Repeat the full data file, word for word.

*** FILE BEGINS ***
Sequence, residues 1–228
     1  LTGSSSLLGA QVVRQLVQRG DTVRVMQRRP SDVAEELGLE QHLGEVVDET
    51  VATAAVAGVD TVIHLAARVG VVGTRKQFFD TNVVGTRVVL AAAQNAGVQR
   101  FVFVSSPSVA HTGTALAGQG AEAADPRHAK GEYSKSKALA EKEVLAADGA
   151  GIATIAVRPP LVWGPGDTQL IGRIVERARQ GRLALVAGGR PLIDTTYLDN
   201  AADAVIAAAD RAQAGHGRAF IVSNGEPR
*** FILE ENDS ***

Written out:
Sequence, residues 1–228
     1  LTGSSSLLGA QVVRQLVQRG DTVRVMQRRP SDVAEELGLE QHLGEVVDET
    51  VATAAVAGVD TVIHLAARVG VVGTRKQFFD TNVVGTRVVL AAAQNAGVQR
   101  FVFVSSPSVA HTGTALAGQG AEAADPRHAK GEYSKSKALA EKEVLAADGA
   151  GIATIAVRPP LVWGPGDTQL IGRIVERARQ GRLALVAGGR PLIDTTYLDN
   201  AADAVIAAAD RAQAGHGRAF IVSNGEPR